Another rare object used as an amulet is Staurolite which is a rare mineral that naturally forms in the shape of a cross. You can even find your own by going to placed such as “Fairy Stone State Park” located in Virginia. Because of its rarity, it is deemed to be special and many folks have carried them as a charm of protection from all walks of life.

The question is, are these items special just because the objects themselves are rare and hard to get, or is it all just silly nonsense? Is the feeling of “specialness” what makes the mind give you a boost of confidence?

Those who are psychic and sensitive to subtle impressions of objects would say that’s not the whole truth. Those who practice the psychic arts of psychometry will tell you that you can pick up on psychic impressions if magnetism has been pressed into an amulet or talisman. When the attention is directed to an object, vitality and life-force flows to that object. These same objects also pick up magnetism from the wearer. The same could be tested with implements such as the pendulum and also seen by those with clairvoyance.

Sometimes the items themselves, even the pre-manufactured ones, may be nothing special at all – but because everything vibrates at a frequency, they absorb certain qualities or magnestism that the owner of said object may subconsciously place in the item. Amulets may not be just simple or hard to find objects and artifacts. They could be also rather complex designs inscribed on sacred metals such as some of the pentacles and seals that can be found in “The Greater Key of Solomon” or “The Sixth and Seventh Books of Moses.”

In regards to Talismans, many are typically a tad more complex in their construction than amulets. The reason for much complexity at times is because of their method of manufacture and consecration. Through varying occult means and rituals, items are said to absorb the magnetic vibrations of the manufacturer of the talisman. Most talismans are consecrated during the correct planetary timing.

With the witch or sorcerer’s mind firmly fixed on the reason for the talisman, and through occult correspondences such as the correct time and date, energies are absorbed into the object so that it radiates with a magnetic pull, attracting to the bearer of the talisman the circumstances desired. It is because these items are designed to be “magnetic” in nature – and not magnetic by means of a magnet, but meaning an occult quality whereby the object is designed to “draw something” to it and by effect, to the owner of the talisman.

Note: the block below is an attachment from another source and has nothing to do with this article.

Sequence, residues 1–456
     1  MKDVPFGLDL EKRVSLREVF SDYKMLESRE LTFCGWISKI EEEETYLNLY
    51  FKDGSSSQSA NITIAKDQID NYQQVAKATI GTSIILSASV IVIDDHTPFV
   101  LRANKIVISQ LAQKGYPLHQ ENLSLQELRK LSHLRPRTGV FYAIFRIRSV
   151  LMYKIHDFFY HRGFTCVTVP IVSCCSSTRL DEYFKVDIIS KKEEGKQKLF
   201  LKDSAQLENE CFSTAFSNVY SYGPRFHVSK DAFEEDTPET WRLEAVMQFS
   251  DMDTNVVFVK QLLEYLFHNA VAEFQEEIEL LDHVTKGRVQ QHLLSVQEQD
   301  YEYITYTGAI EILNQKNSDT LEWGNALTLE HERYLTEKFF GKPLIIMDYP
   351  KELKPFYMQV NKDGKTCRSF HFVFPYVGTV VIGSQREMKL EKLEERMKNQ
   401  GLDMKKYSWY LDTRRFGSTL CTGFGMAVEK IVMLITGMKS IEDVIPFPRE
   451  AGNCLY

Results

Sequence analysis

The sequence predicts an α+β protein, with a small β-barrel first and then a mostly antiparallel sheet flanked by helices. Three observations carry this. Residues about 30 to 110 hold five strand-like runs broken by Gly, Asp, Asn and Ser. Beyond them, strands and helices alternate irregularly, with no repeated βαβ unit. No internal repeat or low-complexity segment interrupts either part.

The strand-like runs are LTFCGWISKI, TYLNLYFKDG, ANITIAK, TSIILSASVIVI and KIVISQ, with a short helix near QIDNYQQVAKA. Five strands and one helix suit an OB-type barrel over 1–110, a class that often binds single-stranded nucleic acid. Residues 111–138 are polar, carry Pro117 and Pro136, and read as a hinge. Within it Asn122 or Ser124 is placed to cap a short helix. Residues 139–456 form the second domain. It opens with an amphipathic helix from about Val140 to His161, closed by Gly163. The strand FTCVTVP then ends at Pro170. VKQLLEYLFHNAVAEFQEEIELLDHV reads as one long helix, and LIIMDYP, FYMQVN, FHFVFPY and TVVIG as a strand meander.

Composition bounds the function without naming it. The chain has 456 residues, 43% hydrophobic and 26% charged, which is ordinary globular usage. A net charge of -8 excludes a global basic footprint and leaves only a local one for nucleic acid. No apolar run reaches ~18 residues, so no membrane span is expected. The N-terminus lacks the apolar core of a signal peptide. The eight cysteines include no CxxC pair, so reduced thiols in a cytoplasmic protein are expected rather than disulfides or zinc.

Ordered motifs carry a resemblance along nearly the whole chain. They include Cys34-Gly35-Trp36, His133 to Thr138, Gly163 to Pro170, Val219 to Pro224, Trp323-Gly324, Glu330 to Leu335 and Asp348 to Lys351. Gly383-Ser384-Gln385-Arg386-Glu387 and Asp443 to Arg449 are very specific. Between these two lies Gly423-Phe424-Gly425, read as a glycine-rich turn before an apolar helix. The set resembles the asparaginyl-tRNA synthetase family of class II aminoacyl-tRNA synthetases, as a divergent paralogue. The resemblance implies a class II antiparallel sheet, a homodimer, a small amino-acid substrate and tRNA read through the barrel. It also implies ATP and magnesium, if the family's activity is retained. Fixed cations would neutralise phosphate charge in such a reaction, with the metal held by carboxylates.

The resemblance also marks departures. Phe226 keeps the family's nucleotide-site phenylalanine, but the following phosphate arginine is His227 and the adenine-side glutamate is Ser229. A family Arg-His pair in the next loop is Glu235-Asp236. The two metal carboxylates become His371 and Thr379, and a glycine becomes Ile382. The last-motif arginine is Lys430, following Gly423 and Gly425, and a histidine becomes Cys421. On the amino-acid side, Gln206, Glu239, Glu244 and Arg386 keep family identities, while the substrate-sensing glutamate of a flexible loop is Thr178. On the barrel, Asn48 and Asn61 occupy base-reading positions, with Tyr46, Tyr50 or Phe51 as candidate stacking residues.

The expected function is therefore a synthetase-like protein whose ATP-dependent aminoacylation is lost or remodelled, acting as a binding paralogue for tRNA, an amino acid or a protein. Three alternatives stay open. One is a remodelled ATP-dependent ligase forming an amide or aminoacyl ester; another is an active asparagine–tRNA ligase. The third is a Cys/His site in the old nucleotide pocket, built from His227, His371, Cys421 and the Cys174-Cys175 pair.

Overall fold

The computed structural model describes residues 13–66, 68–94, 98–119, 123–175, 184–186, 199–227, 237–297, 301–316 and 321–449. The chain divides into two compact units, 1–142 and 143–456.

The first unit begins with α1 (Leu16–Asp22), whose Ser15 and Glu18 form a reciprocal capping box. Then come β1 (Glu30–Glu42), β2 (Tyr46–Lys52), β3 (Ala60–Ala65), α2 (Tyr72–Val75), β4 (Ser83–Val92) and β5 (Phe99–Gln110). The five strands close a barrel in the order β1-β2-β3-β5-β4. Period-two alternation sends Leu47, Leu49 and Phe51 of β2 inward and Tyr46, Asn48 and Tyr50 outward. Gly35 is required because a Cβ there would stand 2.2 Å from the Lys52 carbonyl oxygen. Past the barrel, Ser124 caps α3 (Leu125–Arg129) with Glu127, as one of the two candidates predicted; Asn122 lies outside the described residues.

Nonsense or not, the manufacture of such items is big money. How many realize that even everyday objects and jewelry that we wear today at one time just may have been an amulet or a talisman a long time ago in by-gone cultures?

The Herb Cinquefoil – the Five-Fingered Grass:

Herbs and flowers are sometimes employed in the practical occult arts in a similar way that amulets and talismans are employed. Sometimes these are hung around the neck, or simply carried in the pocket, or in a variety of ways. The use of single herbs to do this is a practice that also goes way back and seems to be found in many parts of the world, including in the practice of Witchcraft.

There is a wonderful little wild weed that grows throughout the country called Cinquefoil, or the Five-Finger-Grass.

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A photo of one variety of Cinquefoil growing in my own garden.

Magically, it has great importance …. At least from the part of the country that I am from.  It grows many different places I imagine and has a number of different varieties and species.

So what have the Witches of Pennsylvania’s past said to do with this reputed herb?  What are its alleged uses in the art magical?

Besides being a classic herb used in practical occult magic for intentions such as money drawing, it was also known to help you get special favors. According to the old grimoire The Long Lost Friend, first printed in Pennsylvania, it was said that if you carried a little of this herb in your pocket when asking someone for a favor, you’ll surely get the favor granted to you!

Either way, this little weed that most would deem useless does bring me a smile when I see it come up in the yard or the garden.  (Even though it seems to ONLY come up in the most strangest of places!)

Yes, some weeds are encouraged to grow by witches!  Haven’t you ever noticed a witch’s garden?  There usually seems to be a number of strange weeds that grow that are oddly encouraged.

Blessed Be!

Bibliography & Works Cited:

de Claremont, Lewis; Legends of Incense, Herb & Oil Magic. Print.

Gamache, Henri; The Magic of Herbs. Print.

Leek, Sybil; Cast Your Own Spell. Print

Tarostar; The Witches’ Spellcraft. Print

Holman, John George; The Long Lost Friend. Print.